Dr. Millar has developed and taught more than 20 undergraduate courses in criminology, criminal justice and human rights at five post-secondary institutions in Canada, including developing the Northern Justice/Criminology program for Yukon College. She currently teaches first, second, third and fourth year undergraduate courses at the University of the Fraser Valley where she is an Associate Professor. Dr. Millar has engaged in domestic research consultancies on alternative and community-based justice and has lived and worked abroad as an international consultant for the United Nations and the Asian Development Bank. Her current research projects include the rights of children whose parents are involved in the criminal justice system; irregular migration, human trafficking and human snuggling; and the online risk and resilience of children and youth.
- Ph.D, University of Melbourne
- M.A., Simon Fraser University
- B.A., Simon Fraser University
Dr. Hayli Millar holds postgraduate degrees in criminology and law.
As a critical socio-legal scholar, Dr. Millar’s research interests include comparative and international law and criminal justice reform, particularly in relation to state and institutional violence directed against and access to justice for women, Indigenous peoples, and other historically marginalized groups including children and youth. She is also interested in politicized crimes like human trafficking, migrant smuggling and terrorism and has presented at various international, national and local conferences.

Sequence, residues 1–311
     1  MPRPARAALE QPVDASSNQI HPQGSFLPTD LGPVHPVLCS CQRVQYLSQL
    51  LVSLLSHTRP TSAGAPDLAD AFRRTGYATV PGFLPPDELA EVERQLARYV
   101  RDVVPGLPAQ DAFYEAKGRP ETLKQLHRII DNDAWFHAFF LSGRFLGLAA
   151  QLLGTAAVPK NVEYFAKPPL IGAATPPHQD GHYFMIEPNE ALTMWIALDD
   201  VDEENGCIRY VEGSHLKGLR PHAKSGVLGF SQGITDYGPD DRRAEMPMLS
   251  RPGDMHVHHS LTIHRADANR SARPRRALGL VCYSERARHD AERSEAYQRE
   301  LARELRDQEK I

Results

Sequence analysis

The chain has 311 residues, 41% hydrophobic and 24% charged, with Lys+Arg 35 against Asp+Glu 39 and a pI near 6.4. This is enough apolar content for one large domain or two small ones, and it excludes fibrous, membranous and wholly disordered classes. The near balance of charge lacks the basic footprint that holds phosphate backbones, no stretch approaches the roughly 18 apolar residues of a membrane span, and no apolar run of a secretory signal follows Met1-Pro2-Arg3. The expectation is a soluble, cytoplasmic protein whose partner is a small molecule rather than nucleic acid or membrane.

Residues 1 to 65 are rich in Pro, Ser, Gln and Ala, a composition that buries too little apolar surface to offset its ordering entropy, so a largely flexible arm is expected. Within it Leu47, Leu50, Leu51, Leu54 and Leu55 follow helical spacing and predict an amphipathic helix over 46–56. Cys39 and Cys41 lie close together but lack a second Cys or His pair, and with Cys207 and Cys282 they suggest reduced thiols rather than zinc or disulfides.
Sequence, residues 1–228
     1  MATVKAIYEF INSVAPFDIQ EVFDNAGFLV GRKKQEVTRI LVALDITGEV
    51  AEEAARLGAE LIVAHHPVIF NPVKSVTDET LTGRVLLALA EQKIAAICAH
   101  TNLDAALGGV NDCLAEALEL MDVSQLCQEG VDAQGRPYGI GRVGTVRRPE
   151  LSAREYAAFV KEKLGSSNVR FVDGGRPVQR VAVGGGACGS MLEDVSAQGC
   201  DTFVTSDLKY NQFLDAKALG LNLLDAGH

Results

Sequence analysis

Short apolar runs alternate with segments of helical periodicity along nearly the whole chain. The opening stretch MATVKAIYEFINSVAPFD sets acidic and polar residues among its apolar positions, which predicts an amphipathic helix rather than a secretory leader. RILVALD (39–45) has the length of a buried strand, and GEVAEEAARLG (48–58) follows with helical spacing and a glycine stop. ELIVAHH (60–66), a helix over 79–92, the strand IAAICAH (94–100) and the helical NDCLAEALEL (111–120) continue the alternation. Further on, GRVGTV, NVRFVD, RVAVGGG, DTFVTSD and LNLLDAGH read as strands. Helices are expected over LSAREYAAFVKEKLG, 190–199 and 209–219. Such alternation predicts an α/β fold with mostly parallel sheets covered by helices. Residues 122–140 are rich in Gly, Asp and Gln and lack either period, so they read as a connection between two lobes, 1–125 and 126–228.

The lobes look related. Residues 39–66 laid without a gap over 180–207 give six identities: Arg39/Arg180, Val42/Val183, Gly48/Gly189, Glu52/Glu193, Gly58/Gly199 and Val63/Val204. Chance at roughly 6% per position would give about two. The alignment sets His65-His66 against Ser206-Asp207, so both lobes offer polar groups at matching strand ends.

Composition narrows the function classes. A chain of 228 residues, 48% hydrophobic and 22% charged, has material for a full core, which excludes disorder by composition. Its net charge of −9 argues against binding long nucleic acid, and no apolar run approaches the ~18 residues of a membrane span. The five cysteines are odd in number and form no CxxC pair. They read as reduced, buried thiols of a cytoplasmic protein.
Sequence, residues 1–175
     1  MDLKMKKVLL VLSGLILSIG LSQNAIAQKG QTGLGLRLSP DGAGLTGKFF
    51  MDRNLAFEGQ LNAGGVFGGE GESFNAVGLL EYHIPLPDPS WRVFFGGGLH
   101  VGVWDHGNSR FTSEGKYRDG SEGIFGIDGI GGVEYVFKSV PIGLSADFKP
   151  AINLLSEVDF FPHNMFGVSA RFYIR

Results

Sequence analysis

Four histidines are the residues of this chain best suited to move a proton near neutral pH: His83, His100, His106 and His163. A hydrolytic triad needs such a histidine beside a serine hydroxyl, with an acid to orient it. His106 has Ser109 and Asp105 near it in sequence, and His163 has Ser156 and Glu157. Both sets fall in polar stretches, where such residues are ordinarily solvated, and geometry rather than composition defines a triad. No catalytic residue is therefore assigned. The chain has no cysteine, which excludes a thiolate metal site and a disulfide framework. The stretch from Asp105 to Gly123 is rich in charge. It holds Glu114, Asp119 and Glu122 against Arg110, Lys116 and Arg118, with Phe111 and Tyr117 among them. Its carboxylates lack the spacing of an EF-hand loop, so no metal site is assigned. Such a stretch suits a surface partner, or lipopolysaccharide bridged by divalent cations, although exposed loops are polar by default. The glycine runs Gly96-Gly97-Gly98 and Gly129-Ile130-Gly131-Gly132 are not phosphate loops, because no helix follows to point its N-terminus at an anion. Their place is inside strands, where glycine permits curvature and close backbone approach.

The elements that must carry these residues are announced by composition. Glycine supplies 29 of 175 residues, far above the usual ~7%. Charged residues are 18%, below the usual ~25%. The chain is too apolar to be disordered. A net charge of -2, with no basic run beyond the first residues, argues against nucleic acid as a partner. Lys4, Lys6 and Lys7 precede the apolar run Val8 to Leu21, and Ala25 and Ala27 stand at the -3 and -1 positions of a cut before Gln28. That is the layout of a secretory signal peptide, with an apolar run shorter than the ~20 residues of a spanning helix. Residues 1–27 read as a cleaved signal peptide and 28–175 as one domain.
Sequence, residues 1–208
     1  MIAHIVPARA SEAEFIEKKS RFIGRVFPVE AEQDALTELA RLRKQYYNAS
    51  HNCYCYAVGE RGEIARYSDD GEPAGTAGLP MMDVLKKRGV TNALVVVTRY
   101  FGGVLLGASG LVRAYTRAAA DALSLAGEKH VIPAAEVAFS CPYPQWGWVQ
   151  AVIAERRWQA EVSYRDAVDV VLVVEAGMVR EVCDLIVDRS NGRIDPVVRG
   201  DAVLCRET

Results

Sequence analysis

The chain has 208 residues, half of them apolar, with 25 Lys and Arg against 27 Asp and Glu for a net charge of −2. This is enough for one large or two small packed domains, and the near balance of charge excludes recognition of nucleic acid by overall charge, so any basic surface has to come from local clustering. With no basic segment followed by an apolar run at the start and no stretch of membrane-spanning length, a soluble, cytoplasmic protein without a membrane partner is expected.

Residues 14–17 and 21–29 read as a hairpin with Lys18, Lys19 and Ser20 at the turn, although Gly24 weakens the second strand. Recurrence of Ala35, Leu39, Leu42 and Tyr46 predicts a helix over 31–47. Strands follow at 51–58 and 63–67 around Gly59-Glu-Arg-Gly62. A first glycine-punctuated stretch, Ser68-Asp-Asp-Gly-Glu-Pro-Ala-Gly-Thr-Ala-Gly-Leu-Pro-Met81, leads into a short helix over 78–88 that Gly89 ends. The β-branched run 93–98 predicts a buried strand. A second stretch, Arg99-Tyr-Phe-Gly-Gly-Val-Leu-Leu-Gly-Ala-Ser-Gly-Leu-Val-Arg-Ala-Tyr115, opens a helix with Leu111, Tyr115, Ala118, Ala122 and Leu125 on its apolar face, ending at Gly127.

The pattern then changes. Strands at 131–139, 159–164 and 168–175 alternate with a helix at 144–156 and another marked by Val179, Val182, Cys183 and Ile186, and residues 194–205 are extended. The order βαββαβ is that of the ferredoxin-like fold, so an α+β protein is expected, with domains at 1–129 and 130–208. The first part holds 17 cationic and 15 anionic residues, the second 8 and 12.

Dr. Millar’s recent research publications include:
H Millar & T O’Doherty in collaboration with the SWAN Vancouver Society, Key Findings: The Palermo Protocol & Canada: The Evolution and Human Rights Impacts of Antitrafficking Laws in Canada (2002-2015). (2015). Available at: https://icclr.law.ubc.ca/wp-content/uploads/2017/06/Palermo-Project-Key-Findings-Report-15-October-2015-with-copyright-2.pdf.
H Millar, T O’Doherty and K Roots, ‘A Formidable Task: Reflections on Obtaining Legal Empirical Evidence on Human Trafficking in Canada’, Anti-Trafficking Review No 8 (2017): Special Issue–Where’s the Evidence? Available at: http://www.antitraffickingreview.org/index.php/atrjournal
T O’Doherty, H Millar, A Clancey and K Mackenzie, Chapter 8, ‘Misrepresentations, Inadequate Evidence, and Impediments to Justice: Human Rights Impacts of Canada’s Anti-Trafficking Efforts’, in EM Durisin, E van der Meulen, C Bruckert (editors), Sex/Work: Regulation, Agency, and Resistance, Vancouver: UBC Press[forthcoming 2018].
H Millar and Y Dandurand, ‘The Impact of Sentencing and Other Judicial Decisions on Children of Parents in Conflict with the Law: Implications for Sentencing Reform’, Technical Report submitted to the Department of Justice Canada, School of Criminology and Criminal Justice University of the Fraser Valley and International Centre for the Reform of Criminal Justice Policy, February 2017. Available at: http://icclr.law.ubc.ca/sites/icclr.law.ubc.ca/files/publications/pdfs/Millar%20and%20Dandurand%20_2017_Impact%20of%20Sentencing%20on%20Children%20on%20Parents_07_02_2017.pdf
H Millar and Y Dandurand, ‘The Best Interest of the Child and the Sentencing of Offenders with Parental Responsibilities’, Criminal Law Forum (2017). DOI: 10.1007/s10609-017-9340-9.
In September 2017, Dr. Millar co-organized a presentation st UFV by Dr. Gabor Mate on Prisoners of Childhood: Reconciling Justice with Trauma History, Healing & Resilience.